However, for a mobile salon/barbershop, I recommend you start as an LLC. Sure, it is not the cheapest option (forming an LLC can go from $50-$600 depending on the state); it is your safest bet as it prevents you from being personally accountable for any legal violations.
• Obtaining an EIN or Tax ID
Once you have registered your company, you will need to obtain an Employer Identification Number (EIN) or Tax ID online through the Internal Revenue Service’s website.
• Opening a business bank account
You will then need to create a business bank account to keep track of your expenses and profits and to be able to receive payments legally. To do so, you will need to visit the bank of your preference and present your articles of incorporation, EIN, and personal identification documents.
Keeping your business’s financials separate from your personal affairs is one of the best pieces of advice anyone can give you when starting a mobile salon.
• Securing your license
In general, all barbers, cosmetologists, and hairstylists require licensing before you can start servicing customers. The requisites tend to vary based on the city or state involved. Nonetheless, there are general requirements across most states, such as:
– Having a high school diploma, GED, or an equivalent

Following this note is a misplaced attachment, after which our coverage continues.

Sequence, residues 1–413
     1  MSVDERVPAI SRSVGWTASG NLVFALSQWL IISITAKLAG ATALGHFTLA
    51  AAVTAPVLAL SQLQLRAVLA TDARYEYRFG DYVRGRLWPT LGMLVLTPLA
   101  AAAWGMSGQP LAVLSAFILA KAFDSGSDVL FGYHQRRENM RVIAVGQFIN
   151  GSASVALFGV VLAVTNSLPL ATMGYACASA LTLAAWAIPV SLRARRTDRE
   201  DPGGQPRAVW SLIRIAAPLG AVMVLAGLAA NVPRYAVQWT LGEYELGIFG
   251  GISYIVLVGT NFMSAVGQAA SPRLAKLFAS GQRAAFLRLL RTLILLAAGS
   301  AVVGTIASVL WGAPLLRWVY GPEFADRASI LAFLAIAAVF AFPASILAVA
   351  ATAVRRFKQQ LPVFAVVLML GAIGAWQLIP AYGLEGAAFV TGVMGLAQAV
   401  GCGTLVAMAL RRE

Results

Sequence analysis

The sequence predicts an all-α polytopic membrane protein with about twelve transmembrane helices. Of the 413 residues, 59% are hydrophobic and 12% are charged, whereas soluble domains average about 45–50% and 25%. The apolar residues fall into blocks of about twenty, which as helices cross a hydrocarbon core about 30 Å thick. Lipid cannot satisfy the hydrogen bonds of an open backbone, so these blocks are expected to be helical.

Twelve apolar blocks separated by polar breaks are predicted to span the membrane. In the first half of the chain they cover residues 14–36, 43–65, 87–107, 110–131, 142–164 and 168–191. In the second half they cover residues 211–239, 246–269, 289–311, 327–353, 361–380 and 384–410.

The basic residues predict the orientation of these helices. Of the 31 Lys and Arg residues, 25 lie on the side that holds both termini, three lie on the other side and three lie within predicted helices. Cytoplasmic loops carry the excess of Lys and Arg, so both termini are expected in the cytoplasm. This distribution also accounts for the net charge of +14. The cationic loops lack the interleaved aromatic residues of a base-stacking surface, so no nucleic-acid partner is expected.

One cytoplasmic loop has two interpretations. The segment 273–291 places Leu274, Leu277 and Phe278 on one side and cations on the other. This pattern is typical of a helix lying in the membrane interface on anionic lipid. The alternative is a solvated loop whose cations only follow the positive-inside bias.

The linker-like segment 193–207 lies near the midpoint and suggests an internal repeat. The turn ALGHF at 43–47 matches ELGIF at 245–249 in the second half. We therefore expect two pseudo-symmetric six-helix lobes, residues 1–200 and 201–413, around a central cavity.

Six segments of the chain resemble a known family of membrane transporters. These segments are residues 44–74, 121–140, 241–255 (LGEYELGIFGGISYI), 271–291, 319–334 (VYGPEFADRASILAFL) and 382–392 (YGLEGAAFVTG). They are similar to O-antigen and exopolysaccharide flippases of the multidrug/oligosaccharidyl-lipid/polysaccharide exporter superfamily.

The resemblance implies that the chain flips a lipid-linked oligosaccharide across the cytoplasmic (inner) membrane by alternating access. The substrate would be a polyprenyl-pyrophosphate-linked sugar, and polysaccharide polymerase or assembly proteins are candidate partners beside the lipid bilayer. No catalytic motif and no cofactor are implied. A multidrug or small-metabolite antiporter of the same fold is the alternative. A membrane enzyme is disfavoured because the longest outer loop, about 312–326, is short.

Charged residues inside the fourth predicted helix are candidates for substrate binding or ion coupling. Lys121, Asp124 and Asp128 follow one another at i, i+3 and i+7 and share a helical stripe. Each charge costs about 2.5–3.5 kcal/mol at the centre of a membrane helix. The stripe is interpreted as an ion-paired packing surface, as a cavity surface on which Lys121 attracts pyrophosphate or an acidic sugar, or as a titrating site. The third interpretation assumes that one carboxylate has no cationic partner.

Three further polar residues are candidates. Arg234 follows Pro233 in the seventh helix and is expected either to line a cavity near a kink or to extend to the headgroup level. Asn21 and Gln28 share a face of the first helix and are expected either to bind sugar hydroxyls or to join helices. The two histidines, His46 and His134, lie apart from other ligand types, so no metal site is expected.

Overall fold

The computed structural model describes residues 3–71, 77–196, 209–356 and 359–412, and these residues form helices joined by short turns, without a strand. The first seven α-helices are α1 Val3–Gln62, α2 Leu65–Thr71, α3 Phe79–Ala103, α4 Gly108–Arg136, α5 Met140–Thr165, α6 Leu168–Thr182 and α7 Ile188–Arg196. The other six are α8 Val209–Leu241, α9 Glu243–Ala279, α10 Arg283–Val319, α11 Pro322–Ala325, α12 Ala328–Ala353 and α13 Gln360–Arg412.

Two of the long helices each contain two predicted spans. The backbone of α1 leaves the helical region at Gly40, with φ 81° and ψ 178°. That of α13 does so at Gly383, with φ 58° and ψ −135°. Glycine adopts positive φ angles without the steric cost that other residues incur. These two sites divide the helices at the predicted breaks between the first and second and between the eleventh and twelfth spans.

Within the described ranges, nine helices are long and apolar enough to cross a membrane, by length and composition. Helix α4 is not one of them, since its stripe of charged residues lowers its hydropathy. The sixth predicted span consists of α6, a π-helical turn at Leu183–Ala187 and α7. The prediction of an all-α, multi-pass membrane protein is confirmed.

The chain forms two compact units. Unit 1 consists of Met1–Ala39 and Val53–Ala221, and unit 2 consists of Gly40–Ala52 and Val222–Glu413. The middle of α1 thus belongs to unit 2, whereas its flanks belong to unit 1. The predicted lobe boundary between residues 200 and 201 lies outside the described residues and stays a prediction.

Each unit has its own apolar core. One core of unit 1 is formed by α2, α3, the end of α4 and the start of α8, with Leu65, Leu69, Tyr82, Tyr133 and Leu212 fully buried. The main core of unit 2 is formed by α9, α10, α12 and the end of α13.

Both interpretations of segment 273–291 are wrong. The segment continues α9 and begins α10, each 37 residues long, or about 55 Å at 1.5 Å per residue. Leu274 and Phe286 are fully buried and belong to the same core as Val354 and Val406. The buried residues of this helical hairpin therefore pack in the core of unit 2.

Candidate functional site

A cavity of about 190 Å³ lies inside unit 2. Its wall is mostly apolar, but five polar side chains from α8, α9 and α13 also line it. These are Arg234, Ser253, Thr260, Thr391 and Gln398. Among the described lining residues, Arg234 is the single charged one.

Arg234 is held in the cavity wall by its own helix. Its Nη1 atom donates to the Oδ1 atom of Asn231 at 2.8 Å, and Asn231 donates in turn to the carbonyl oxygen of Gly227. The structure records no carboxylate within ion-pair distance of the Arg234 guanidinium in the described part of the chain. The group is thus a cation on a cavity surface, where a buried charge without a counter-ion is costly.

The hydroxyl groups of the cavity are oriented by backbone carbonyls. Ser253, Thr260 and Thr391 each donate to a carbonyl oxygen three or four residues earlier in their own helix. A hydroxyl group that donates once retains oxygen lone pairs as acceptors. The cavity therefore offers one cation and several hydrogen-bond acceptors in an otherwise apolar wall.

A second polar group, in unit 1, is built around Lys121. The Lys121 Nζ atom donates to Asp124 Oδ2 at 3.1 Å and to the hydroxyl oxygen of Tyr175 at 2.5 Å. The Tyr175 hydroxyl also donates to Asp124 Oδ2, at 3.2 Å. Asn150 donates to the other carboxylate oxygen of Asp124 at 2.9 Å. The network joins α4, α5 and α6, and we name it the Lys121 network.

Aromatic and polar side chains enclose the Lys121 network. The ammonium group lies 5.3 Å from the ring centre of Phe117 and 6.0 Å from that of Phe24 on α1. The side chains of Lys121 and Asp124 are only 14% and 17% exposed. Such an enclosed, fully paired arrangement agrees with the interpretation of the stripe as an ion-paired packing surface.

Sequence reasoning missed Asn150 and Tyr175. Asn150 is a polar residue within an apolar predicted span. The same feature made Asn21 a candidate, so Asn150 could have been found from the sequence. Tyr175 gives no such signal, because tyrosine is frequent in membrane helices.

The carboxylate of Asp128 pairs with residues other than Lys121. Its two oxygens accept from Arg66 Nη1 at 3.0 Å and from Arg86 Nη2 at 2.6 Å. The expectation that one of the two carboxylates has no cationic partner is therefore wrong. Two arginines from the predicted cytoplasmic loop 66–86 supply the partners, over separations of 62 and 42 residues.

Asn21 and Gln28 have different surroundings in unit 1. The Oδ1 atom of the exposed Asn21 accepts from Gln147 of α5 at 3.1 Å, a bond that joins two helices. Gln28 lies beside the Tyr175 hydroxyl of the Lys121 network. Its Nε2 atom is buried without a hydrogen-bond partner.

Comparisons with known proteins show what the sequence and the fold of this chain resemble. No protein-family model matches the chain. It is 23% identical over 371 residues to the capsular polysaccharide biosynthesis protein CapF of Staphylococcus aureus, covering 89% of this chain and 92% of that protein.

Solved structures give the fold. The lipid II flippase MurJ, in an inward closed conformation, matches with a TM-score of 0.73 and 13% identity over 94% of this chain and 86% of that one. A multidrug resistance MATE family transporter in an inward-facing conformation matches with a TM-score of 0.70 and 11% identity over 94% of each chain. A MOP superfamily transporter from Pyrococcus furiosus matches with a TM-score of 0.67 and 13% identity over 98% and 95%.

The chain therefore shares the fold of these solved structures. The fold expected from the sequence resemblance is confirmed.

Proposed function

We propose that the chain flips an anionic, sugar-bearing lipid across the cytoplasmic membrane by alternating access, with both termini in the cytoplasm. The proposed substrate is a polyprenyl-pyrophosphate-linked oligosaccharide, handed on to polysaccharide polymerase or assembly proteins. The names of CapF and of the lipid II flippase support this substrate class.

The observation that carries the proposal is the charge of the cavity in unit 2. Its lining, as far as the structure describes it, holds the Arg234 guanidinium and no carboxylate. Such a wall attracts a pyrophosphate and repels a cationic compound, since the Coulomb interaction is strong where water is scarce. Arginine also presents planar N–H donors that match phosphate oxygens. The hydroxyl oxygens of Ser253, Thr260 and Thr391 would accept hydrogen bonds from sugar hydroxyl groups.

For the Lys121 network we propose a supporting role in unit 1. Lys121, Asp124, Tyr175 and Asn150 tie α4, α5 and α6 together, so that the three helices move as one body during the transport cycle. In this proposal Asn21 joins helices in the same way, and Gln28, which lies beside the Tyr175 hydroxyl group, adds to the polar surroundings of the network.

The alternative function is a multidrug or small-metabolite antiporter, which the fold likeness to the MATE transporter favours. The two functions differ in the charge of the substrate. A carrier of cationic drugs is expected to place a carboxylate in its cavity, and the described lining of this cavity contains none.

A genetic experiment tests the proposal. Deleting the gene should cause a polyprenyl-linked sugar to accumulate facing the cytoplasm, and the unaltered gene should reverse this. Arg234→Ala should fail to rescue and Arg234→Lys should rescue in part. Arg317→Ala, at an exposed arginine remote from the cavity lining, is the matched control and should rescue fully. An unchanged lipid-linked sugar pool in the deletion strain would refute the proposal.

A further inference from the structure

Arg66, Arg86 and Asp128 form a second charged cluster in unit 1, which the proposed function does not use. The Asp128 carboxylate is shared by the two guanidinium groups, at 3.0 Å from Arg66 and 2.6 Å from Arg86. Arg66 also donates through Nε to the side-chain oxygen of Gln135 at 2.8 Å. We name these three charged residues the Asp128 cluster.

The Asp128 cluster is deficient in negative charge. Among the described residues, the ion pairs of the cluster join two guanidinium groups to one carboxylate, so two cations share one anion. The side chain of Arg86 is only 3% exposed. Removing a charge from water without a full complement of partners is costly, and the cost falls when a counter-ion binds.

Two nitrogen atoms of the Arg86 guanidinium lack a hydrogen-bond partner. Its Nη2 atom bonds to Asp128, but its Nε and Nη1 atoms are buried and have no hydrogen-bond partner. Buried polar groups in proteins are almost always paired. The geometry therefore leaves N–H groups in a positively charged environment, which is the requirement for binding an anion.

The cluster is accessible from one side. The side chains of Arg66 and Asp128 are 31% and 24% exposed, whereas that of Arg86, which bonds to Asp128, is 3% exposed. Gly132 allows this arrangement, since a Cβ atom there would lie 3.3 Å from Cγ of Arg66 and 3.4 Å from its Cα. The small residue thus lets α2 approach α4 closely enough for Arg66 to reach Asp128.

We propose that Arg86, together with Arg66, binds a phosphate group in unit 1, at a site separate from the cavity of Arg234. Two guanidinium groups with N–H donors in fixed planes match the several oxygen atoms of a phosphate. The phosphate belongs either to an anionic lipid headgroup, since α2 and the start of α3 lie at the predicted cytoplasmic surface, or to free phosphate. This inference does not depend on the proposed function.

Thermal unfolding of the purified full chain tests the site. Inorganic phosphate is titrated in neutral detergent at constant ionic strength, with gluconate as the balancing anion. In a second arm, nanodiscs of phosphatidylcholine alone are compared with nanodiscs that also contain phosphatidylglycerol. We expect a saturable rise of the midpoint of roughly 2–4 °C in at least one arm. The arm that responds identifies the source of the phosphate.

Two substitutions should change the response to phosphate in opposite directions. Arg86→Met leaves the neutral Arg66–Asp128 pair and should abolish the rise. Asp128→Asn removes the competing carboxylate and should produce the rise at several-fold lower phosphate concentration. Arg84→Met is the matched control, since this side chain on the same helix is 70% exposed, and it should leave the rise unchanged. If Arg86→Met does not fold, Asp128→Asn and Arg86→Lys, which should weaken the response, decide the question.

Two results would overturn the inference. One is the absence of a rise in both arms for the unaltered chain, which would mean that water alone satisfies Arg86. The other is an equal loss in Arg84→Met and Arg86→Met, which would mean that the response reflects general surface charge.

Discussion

– Being at least 16 years of age
– Having completed a certain number of hours of education (from an approved cosmetology school)
– Successfully passing the written cosmetology state exam
Typically, licensing fees are less than $100. But, renewals are required every one to two years, depending on the state.
Check out our article on licensing HERE.
Step 4 – Purchase Supplies + Equipment
There is an extensive list of equipment and supplies you will need to offer your clients high-quality services. However, you should start small — secure only the essentials. And once you understand your clients’ needs and wants, you can purchase more specific products or equipment.
Below a list of some of the necessary tools/products every mobile hairdresser or barber should have:
- Blending shears
- All-purpose shears
- Razors/Electric clipper
- Paddles brush
- Round brush
- Curling Iron
- Hair iron
- Haircutting cape/robe
- Variety of combs
- Sectioning clips
- Hair rolls
- Hair ties/pins
- Hairstyling creams/mousse
You will also need to invest in multiple sturdy bags and cases to haul your kit around. Plus, know that when working in clients’ homes, you must try your best not to be messy. Thus, investing in a protective floor/chair covering is also a smart decision.
Step 5 – Promote Your Business
Salons and barbershops are traditionally walk-in businesses. Thus, if you want your mobile salon to be successful, you will need to put a little extra effort and invest more time and energy into your marketing. Below a few times to get you started:
• Invest in vehicle branding
Your salon’s vehicle will act as a moving billboard. Hence, make sure it clearly states who you are, what you do, and how you can be found. Remember that you do not have a physical address! As a result, potential customers would need to remember your car/van.
• Take full advantage of social media
Social media should be an essential aspect of your marketing plan. It is affordable and a great way to expand your network and secure new leads.
Plus, social media is also an excellent medium for geo-targeted ads. Therefore, you can create ads to advertise in the areas where you intend to work.
• Consider partnerships